Coupon Clippers Proven To Drive Incremental Sales
Well, I guess in the old-fashioned sense of the phrase, "I clip" coupons. There's really not too much clipping going on anymore since I can accomplish the same thing by pushing the "print" button on my computer.
Digital couponing has risen dramatically in the last 12 months because consumers are more concerned with saving money than they were in recent years. According to one study that was cited recently in MediaPost and published by ICOM, one out of three consumers report using more coupons than just one year ago. About half of males 18- to 34-years-old reported comparison shopping, with as much as 38% actively searching for coupons. An economic recession can have that effect.
Online couponing, because it's not sexy, can be an overlooked part of many online marketers' plans. But coupons work and they offer an immediate measurement for performance on sales that can be missed with other components of the online marketing plan. Strategically, they are best used when trying to generate trial or increase purchase frequency, but coupons are also a strong awareness generator if you realize whom you can be reaching and the context in which you would be reaching them.
The goal of most marketers is to get as close to the point of purchase as possible and influence intent. The further you go upwards in the decision-making process, the more you focus on consideration and eventually awareness. A coupon can accomplish all of the above. It can obviously influence intent and consideration by weighing the balance in your favor vs. that of a competitive brand, but just by being in the coupon section of a shopping site, you can influence consumers who may be looking to do their research on brands prior to making their decisions. What's also the case is that they can level the playing field vs. generic brands that are generally cheaper. According to the same study referenced earlier, as much as 59% of consumers will sacrifice name brands for generic brands based on price. That translates to a rapid decline in brand loyalty, a difference that coupons can take into account.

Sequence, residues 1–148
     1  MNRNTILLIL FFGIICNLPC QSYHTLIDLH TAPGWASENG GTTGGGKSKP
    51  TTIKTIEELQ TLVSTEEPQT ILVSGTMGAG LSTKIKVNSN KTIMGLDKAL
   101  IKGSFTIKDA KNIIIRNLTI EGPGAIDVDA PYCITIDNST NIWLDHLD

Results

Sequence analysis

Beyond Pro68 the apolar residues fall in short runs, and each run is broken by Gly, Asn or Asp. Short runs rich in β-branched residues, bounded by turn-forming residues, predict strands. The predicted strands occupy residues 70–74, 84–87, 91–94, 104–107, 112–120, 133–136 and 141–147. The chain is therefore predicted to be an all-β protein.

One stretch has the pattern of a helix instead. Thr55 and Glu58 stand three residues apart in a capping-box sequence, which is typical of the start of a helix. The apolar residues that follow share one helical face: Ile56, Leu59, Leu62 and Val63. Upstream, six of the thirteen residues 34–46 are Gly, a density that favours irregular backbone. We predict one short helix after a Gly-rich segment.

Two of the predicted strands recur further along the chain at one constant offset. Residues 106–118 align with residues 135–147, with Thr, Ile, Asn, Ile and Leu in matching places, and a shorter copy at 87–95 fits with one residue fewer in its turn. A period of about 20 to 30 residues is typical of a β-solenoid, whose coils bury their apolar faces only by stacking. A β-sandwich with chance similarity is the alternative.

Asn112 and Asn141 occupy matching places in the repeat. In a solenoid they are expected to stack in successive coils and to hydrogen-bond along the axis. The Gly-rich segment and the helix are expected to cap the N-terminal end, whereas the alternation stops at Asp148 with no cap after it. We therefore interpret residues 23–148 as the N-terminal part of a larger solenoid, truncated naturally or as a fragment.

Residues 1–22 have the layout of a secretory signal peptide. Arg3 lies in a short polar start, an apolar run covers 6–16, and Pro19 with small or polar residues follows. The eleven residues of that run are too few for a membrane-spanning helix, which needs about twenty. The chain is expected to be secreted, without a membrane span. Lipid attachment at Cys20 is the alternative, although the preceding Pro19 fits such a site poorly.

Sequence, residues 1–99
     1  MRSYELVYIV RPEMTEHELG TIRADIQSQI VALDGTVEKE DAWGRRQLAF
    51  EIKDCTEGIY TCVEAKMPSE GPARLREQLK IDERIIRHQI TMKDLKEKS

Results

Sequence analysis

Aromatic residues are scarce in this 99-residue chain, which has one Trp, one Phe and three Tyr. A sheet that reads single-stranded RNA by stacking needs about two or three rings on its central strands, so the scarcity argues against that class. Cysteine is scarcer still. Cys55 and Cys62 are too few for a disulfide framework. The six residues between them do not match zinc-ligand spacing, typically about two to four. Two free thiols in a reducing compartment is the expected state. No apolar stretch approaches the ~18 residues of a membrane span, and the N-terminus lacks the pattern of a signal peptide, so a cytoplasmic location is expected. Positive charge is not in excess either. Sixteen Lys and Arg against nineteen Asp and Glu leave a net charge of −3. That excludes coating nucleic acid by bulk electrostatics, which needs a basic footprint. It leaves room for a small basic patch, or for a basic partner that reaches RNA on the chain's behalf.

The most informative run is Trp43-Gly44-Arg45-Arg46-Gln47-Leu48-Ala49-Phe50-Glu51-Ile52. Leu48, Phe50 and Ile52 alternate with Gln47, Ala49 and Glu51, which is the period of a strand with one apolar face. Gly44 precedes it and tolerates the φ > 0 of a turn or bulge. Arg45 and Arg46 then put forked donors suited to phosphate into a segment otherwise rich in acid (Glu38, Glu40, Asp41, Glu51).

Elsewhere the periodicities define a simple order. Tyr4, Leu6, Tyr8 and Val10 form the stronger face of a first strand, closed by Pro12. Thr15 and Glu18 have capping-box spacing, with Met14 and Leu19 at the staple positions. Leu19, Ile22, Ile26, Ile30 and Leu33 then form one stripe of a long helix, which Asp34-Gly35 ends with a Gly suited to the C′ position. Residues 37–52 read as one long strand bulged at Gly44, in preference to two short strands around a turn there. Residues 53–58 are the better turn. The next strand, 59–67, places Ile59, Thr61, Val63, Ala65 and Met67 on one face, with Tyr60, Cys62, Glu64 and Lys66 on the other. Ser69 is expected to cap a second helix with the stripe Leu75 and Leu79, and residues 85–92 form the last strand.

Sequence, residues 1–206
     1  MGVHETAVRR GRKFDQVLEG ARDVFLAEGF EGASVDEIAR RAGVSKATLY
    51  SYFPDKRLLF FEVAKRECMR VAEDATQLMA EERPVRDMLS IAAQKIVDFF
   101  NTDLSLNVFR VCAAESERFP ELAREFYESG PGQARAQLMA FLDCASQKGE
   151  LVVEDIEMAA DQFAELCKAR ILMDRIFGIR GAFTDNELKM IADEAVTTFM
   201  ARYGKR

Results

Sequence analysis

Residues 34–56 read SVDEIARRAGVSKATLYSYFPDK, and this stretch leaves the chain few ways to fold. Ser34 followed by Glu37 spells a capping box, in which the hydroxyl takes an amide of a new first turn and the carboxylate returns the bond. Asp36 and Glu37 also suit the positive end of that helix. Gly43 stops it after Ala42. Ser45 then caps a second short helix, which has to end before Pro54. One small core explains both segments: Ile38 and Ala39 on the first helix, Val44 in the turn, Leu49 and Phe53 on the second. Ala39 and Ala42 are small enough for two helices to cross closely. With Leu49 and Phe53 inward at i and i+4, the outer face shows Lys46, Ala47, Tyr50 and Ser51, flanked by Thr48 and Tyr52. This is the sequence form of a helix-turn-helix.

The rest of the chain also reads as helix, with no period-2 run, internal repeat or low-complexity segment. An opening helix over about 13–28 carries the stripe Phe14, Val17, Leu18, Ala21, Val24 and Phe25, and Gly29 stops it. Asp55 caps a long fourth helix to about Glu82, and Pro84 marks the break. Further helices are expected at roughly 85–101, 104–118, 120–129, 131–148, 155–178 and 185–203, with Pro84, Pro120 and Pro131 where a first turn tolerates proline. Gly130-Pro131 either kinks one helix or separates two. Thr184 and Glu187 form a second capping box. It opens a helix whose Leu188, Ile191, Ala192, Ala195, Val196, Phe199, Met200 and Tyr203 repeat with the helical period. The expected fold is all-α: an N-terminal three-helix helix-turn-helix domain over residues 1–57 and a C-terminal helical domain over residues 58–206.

This leads us to the Holy Grail for CPG marketers online: determining growth vs. cannibalization. The one big question that surrounds online coupons, and coupons in general, is whether the use of them cannibalizes your existing consumer base by driving them to buy your product at a lower price (thereby dragging down your margin) or whether they bring new consumers into your category or to your individual product, thereby impacting the business of your competition.
Many of the big online coupon companies are already investing in research to answer this question. According to a study from Coupons.com that was published in Q3 2009, online coupons are indeed driving incremental sales, with as much as 40% of redemptions coming from new or lapsed buyers. According to the same study, 63% of the redemptions drove incremental volume rather than cannibalizing existing sales. This would suggest that online couponing is a valuable and required tool for driving incremental sales!
What's also very interesting to me is that by evaluating the performance of coupons in different locations, we could create a proxy ratio to evaluate other efforts at influencing sales. For example, if we distribute a coupon via email, via an ad unit and via a digital FSI, we could evaluate the CPM, click-through rate and interaction rate of these units to create a baseline for comparison with non-coupon-oriented messaging. Thus we could evaluate comparable efforts in email and ad units and measure their CPM, click-through and interaction rates, and determine a ratio to see if the decrease in performance without a coupon is in direct proportion to those with a coupon. If one tactic is underperforming based on that ratio, then the hypothesis is that it is not influencing the consumer in the same manner. Would that give us somewhere to start with, from an analytics perspective?
Of course, this is just one idea. I and the other readers of this column would love to hear your thoughts on how CPG marketers should use coupons to understand their total campaign effectiveness. Share some best practices and further the industry by letting us know on the Spin Board!